Andrew “Koji” Shiraki is a pretty solid songwriter. He’s got
good hooks, interesting lyrics and a voice that is distinctive without being
annoying. And most of all, he’s able to use all of those features well with a
style that fits him. A little acoustic, but not too much. A bunch of pretty
instruments—bells and the like—that would fit well in a magical forest, and a
stripped down rawness that stops that from getting too twee. It sounds like
it’s recorded one summer evening in a barn, in all the best ways–old oak,
fireflies, and old friends–except with enough of a punk sensibility to stay
energized and angry through the sap.
Or, well, he had all this going for him, but he made a new
EP, and threw that style out.
That should be a good thing. I’m all for experimentation.
I’m a little too in on experimentation sometimes. Let your freak flag make its
freaky sound while it waves, throw your guitar out the window and buy a
synthesizer, do all the things you can to make your own special Metal Machine Music. Koji decided to
listen to a bunch of Superchunk and Guided By Voices records, leave the barn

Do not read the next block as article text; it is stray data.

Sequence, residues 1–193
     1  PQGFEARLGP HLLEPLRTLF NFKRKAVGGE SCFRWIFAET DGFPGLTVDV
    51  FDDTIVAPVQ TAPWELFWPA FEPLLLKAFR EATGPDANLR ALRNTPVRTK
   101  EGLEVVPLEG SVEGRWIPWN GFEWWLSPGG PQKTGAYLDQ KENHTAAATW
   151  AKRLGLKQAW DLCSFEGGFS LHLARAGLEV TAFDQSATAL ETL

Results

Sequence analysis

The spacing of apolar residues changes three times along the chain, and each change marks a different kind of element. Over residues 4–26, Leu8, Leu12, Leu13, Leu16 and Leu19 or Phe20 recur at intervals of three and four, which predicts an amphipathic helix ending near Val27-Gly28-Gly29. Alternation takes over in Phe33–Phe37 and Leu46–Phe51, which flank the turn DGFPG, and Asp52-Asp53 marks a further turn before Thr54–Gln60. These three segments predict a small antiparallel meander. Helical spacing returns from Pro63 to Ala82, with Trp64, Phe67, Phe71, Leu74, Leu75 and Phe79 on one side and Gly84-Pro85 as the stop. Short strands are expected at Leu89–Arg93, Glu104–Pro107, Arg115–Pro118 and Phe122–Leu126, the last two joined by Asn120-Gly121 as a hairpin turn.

for a badly carpeted basement, and make his 90’s lo-fi EP.
That’s not a bad idea, and to be fair, Fury is not a bad EP. But
it’s an EP of someone who was really good at something deciding to do something
else. He continues to be pretty good at writing songs, but it sounds like
something is missing. It’s a weird fit.
It’s especially weird to me as someone who LOVES the sound that Koji is aiming for.
I’m all for the guy playing Bee Thousand on
repeat and trying to emulate guitar fuzz out of a distorted amp. But on Fury, it seems a little half-baked. It’s
a great costume for Koji to be trying on, but it never feels like more than a
costume. It’s hard for me to bemoan someone for being half-assed when he’s
emulating a movement with an anthem called “Slack
Motherfucker,” but…well, it’s just disappointing.
But again, Koji is a talented guy, and this is just a four
song EP. None of the songs on it really stand out, because they’re a little
drowned in the not-quite-figured-out fuzz arrangements, but…it’s just a four
song EP. The songs slip by quickly without much to hold on to, while also being
a little too plodding to be enjoyable. As Koji has upped the energy of his
instruments, he’s simultaneously lost it from the songs. The exception is
“Everyday,” which is fun and exciting, but still doesn’t succeed at bringing up
the dirgey feeling of the other three songs. There are hooks that could be
catchy, but they’re surrounded by arrangements that don’t let them be, that
sound like with just a little bit of work they could have been better. This is
not a bad path to go down. Hopefully he’ll be able to walk down it on more sure
footing in the future.
Release Date: June 16th, 2015
Run time: ~13 minutes
2. Breaking and Broken
Written by Jon Hecht